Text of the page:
Fishes as Integrators of Benthic and Pelagic Food Webs in Lakes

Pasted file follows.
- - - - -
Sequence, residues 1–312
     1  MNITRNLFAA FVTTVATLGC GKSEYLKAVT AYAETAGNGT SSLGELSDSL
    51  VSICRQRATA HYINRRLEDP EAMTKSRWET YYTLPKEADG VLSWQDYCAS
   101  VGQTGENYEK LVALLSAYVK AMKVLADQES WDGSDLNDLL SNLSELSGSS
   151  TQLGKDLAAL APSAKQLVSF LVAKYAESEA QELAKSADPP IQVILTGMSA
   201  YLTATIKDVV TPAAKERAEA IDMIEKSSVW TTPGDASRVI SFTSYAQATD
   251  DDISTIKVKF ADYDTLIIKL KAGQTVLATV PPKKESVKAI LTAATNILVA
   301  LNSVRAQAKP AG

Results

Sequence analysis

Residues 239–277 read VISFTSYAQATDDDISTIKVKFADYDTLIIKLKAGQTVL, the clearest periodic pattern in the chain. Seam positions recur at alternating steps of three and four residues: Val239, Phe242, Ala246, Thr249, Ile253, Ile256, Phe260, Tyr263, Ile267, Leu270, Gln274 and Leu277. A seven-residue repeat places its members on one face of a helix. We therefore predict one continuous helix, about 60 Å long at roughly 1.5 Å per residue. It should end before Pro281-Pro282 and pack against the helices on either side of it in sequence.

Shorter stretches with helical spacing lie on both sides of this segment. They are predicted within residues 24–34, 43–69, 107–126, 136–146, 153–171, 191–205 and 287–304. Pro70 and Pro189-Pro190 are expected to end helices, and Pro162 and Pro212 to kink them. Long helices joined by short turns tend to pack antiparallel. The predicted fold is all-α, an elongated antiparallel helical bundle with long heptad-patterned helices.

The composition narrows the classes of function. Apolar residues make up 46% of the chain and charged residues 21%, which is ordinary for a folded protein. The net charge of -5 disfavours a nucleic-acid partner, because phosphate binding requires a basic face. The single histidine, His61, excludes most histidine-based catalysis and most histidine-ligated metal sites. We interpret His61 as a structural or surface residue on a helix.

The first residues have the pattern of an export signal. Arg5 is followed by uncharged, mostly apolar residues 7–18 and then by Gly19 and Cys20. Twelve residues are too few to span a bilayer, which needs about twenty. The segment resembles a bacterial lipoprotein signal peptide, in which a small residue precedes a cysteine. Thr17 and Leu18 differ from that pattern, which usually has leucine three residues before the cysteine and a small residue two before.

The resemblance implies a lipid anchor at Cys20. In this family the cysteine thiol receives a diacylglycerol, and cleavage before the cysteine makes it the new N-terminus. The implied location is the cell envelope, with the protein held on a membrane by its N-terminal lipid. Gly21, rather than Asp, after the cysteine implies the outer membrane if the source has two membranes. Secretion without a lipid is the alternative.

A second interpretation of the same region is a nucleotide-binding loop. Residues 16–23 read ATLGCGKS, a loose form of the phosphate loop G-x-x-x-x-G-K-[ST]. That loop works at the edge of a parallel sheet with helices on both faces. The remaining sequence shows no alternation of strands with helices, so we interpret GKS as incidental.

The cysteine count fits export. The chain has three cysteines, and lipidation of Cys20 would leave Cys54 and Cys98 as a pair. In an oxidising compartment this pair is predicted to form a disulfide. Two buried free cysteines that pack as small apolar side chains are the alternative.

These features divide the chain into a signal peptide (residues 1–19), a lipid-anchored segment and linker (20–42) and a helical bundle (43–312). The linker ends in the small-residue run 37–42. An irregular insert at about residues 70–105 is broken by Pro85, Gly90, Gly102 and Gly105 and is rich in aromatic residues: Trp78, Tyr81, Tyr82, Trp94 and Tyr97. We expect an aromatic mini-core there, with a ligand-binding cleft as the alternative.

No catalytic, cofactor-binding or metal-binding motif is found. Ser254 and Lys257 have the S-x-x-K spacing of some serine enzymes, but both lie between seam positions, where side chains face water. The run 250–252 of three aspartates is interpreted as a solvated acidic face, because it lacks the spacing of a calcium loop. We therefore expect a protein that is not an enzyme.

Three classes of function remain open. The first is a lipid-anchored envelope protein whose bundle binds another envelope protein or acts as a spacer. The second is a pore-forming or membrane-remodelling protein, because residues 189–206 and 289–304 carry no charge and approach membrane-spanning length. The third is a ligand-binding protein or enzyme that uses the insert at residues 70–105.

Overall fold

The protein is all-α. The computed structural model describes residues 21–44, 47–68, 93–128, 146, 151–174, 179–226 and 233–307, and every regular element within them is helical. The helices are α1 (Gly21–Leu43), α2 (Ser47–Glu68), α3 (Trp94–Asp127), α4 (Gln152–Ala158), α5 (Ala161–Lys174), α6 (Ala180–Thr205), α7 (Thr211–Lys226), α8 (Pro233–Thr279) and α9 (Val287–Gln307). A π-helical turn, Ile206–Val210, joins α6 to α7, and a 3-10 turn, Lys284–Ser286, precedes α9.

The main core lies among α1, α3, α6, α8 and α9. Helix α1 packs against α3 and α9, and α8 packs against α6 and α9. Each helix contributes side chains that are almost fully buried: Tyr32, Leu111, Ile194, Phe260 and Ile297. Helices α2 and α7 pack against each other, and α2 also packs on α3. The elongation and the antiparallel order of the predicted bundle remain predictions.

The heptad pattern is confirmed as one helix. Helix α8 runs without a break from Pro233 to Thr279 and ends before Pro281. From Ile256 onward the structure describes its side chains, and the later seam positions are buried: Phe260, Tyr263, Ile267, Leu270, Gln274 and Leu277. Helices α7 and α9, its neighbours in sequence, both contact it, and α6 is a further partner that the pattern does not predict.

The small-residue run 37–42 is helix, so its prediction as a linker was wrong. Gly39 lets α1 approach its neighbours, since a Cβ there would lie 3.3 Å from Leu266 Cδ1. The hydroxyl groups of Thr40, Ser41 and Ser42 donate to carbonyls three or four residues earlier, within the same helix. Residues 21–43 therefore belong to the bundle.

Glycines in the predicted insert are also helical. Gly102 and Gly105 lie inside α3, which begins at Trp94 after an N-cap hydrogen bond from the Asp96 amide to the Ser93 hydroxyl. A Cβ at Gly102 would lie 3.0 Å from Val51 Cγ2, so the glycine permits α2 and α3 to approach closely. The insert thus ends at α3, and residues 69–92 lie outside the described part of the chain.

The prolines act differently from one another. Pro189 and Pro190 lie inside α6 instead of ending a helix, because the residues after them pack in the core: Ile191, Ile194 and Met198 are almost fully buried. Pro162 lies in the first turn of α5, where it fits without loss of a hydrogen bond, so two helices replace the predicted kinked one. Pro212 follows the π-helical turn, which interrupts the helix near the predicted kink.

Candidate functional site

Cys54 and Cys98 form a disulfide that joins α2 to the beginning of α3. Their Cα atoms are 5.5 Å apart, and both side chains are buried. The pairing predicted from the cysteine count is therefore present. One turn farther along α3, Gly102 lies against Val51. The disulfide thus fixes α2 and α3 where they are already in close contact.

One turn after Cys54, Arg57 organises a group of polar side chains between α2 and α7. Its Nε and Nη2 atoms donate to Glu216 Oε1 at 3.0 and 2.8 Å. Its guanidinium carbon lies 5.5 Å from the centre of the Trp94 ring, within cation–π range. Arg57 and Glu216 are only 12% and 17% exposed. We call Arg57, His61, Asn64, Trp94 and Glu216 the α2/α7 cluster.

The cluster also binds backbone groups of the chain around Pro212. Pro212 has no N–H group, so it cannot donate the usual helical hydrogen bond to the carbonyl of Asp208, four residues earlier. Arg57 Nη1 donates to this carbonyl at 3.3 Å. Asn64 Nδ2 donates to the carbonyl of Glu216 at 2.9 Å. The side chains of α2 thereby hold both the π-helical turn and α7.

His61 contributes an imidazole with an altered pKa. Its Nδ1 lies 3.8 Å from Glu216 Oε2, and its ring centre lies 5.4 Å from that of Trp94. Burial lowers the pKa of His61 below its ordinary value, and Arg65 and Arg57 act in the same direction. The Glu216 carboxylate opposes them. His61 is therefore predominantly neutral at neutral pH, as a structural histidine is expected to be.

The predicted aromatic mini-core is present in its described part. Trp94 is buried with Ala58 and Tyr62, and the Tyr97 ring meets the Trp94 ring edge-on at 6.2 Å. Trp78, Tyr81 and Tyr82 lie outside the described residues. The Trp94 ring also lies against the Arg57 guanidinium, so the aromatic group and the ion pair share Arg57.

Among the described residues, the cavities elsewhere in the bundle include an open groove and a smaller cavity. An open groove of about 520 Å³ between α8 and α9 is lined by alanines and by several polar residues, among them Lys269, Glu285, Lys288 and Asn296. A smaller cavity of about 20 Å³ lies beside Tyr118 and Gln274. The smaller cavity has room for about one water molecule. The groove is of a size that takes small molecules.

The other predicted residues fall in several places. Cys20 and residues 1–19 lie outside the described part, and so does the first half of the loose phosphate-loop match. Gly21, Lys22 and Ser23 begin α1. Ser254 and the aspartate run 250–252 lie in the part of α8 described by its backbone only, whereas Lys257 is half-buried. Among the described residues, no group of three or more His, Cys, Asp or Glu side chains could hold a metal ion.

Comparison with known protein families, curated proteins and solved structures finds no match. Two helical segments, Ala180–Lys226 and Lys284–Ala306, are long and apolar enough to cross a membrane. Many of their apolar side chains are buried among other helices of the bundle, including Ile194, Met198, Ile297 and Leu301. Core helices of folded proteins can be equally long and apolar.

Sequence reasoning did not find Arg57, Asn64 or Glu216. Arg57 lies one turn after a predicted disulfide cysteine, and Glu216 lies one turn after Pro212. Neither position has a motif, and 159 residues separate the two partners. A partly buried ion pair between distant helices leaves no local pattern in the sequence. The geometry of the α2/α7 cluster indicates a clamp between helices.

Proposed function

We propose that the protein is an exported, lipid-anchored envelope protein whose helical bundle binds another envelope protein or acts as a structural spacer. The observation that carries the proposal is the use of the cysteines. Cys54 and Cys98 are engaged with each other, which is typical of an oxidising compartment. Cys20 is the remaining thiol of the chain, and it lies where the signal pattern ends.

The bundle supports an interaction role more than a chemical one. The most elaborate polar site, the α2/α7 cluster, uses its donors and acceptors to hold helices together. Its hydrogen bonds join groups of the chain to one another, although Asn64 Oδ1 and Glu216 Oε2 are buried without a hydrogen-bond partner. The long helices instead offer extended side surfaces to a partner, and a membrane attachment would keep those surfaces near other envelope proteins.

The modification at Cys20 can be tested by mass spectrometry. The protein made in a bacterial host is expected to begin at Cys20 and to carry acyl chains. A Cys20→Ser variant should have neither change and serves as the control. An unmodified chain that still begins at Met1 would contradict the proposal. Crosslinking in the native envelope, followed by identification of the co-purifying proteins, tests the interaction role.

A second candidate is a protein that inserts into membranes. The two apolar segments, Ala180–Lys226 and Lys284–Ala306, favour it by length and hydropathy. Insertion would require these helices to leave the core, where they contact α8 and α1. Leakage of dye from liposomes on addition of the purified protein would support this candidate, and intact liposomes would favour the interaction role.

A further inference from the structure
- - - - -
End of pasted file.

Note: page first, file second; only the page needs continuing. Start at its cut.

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Studies of lake ecosystems generally focus on pelagic food chains and processes. Recently, there has been an emerging recognition of the importance of benthic production and processes to whole-lake ecosystems. To examine the extent to which zoobenthos contribute to higher trophic level production in lakes, we synthesized diet data from 470 fish populations (15 species) and stable isotope data from 90 fish populations (11 species), all of which are common inhabitants of north-temperate lakes. Across all species considered, zoobenthos averaged 50% of total prey consumption. Indirect consumption of zoobenthos (i.e., feeding on zoobenthos-supported fishes) contributed another 15%, for a total of 65% reliance on benthic secondary production. Stable isotopes provided estimates of mean zoobenthivory ranging from 43% to 59%. For most fish species, consumption of zoobenthos was highly variable among populations. The overwhelming concern of ecologists with pelagic food chains and processes contrasts sharply with our finding that benthic secondary production plays a central role in supporting higher trophic level production. This extensive zoobenthivory can subsidize fish populations, leading to apparent competition and otherwise altering trophic dynamics and ecosystem processes in the pelagic zone. We argue for a more integrated view of lake ecosystems that recognizes the duality of benthic and pelagic production pathways. Food web models that explicitly consider energy flow from pelagic and benthic sources will provide a more realistic energy flow template for understanding the regulation of lake ecosystem functioning.



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